When Fr. Crescentian left as pastor in 1933, he had served the parish well through the constant care he gave to the parish buildings and having stressed the importance of a Catholic high school.
Fr. Gaudentius Rossmann was born in 1883 in Bavaria, Germany. At the age of fifty, he was assigned to our parish as Pastor #19.
He emphasized the importance of the annual visitation of the parish combined with census taking. The Capuchins assigned to St. Joe's all participated in visiting not only the actual members of the parish but also those who had stopped practicing their religion. Thus, they brought back many to the faith and had many additional children registered in the parochial school. Its attendance rose from 705 at his arrival to 777 in the last year of his pastorate.
In 1935, city officials proposed to build an open swimming pool in Jones Park, just below the convent of the Sisters. It would have been most annoying to the good Sisters. The matter was carefully discussed and finally the Holy Name Society put in a firm protest. Although the measure was passed in the city council, it was never put into operation.
Although proper decorum is always observed in the church, the younger members of the parish found its observance almost impossible one August evening in 1935 when the stations were being prayed. At that time, the first truck pulled up to the church with its usual clamor and the firemen hurried up the stairs of the tower. A fire had been reported in the steeple. When they got to the top, ready to extinguish the flames, they found a swarm of bees which appeared like wisps of smoke from the street. This is a reminder of the stories told about the early days, when one of the Capuchin Brothers observed a huge fire on the horizon some distance from the outskirts of the town. He rang the bell to sound the alarm. Conscious of their duty, the firemen hurried in the direction of the reported fire with all their equipment.. towards the rising full moon.
Fr. Gaudentius had started his term of office in the full spirit of vigilant care for his parishioners. Within a short period, however, he became less capable of performing the strenuous parochial duties and had to rely more and more upon the help of his capable assistants. A malignant disease was creeping up on him, slowly weakening his physical powers. During the summer of 1935, he was compelled to undergo a protracted rest cure at a sanatorium. Many prayers were sent up to heaven for his recovery, particularly by the school children and the men of the Holy Name Society. He returned after several months, but his strength had been sapped to such an extent that he was able to act only in advisory capacity. There could be no thought of his re-appointment as Pastor in 1936 and he was transferred to the friary in Detroit.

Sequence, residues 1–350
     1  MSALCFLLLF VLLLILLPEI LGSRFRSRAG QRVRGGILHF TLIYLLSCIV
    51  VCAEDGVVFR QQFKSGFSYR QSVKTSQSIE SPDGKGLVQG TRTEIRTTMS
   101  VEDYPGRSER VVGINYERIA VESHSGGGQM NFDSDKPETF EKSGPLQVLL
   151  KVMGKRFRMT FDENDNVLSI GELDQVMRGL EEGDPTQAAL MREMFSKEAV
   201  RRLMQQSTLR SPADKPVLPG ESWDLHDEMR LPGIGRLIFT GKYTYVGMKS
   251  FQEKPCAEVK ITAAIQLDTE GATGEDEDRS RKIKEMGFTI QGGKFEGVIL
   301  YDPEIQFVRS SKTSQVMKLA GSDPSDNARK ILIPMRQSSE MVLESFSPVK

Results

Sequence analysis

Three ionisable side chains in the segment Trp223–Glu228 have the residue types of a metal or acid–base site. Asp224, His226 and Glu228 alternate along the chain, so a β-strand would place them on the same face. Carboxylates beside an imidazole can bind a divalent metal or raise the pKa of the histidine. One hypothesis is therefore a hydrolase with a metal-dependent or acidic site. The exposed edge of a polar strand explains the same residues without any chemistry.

Fr. Cyprian Abler was born in a log cabin between St. Joe and Marytown, WI in 1885. From those humble beginnings, he would go on to become one of the best known Capuchins of the Province.
Fr. Cyprian's first thought as Pastor was to make the church beautiful and attractive for divine service. Before doing any work on the inside of the church, a new roof was needed. Asbestos shingles were therefore laid in 1936. At the same time, a new vestibule was planned to extend along the whole front of the church. The cement steps had been a great improvement in their time but they proved hazardous in icy weather and a source of annoyance when it snowed. The new vestibule was extended down the sidewalk, putting all the stairs under cover. A new lighting system and new electric fixtures were installed throughout the church to provide better lighting for the people in the pews. To regulate the temperature, the church was insulated in 1941. Later, all the buildings received the same treatment. In the summer of 1941, the kneelers of the church were made more comfortable with air-foam pads, thus removing the excuse for not kneeling during divine services. At the same time, another public address system was installed in the church.
In the month of January, 1943, the Dohr hotel, located on Walnut St. just west of the church, was bought for $14,000. The hotel would be utilized as an annex to St. Joseph's School for the religious instruction of the children attending public schools.